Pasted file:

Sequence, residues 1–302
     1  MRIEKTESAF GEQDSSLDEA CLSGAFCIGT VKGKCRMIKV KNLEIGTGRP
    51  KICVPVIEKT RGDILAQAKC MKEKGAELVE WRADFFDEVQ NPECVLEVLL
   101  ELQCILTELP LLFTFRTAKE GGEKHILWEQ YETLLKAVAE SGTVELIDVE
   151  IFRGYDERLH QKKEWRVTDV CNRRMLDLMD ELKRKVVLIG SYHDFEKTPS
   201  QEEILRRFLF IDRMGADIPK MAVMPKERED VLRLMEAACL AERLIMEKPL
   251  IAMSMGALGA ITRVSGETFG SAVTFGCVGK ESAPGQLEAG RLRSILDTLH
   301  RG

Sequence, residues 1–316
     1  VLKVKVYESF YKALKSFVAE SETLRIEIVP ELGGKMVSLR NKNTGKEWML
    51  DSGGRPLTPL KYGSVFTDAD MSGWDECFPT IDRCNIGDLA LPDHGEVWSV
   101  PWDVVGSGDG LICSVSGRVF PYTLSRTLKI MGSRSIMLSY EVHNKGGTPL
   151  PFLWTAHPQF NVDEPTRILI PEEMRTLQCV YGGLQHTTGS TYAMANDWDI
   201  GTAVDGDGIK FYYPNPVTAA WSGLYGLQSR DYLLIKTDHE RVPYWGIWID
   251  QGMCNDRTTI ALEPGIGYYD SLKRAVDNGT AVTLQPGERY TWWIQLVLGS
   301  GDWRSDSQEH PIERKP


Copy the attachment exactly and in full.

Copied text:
Sequence, residues 1–302
     1  MRIEKTESAF GEQDSSLDEA CLSGAFCIGT VKGKCRMIKV KNLEIGTGRP
    51  KICVPVIEKT RGDILAQAKC MKEKGAELVE WRADFFDEVQ NPECVLEVLL
   101  ELQCILTELP LLFTFRTAKE GGEKHILWEQ YETLLKAVAE SGTVELIDVE
   151  IFRGYDERLH QKKEWRVTDV CNRRMLDLMD ELKRKVVLIG SYHDFEKTPS
   201  QEEILRRFLF IDRMGADIPK MAVMPKERED VLRLMEAACL AERLIMEKPL
   251  IAMSMGALGA ITRVSGETFG SAVTFGCVGK ESAPGQLEAG RLRSILDTLH
   301  RG

Sequence, residues 1–316
     1  VLKVKVYESF YKALKSFVAE SETLRIEIVP ELGGKMVSLR NKNTGKEWML
    51  DSGGRPLTPL KYGSVFTDAD MSGWDECFPT IDRCNIGDLA LPDHGEVWSV
   101  PWDVVGSGDG LICSVSGRVF PYTLSRTLKI MGSRSIMLSY EVHNKGGTPL
   151  PFLWTAHPQF NVDEPTRILI PEEMRTLQCV YGGLQHTTGS TYAMANDWDI
   201  GTAVDGDGIK FYYPNPVTAA WSGLYGLQSR DYLLIKTDHE RVPYWGIWID
   251  QGMCNDRTTI ALEPGIGYYD SLKRAVDNGT AVTLQPGERY TWWIQLVLGS
   301  GDWRSDSQEH PIERKP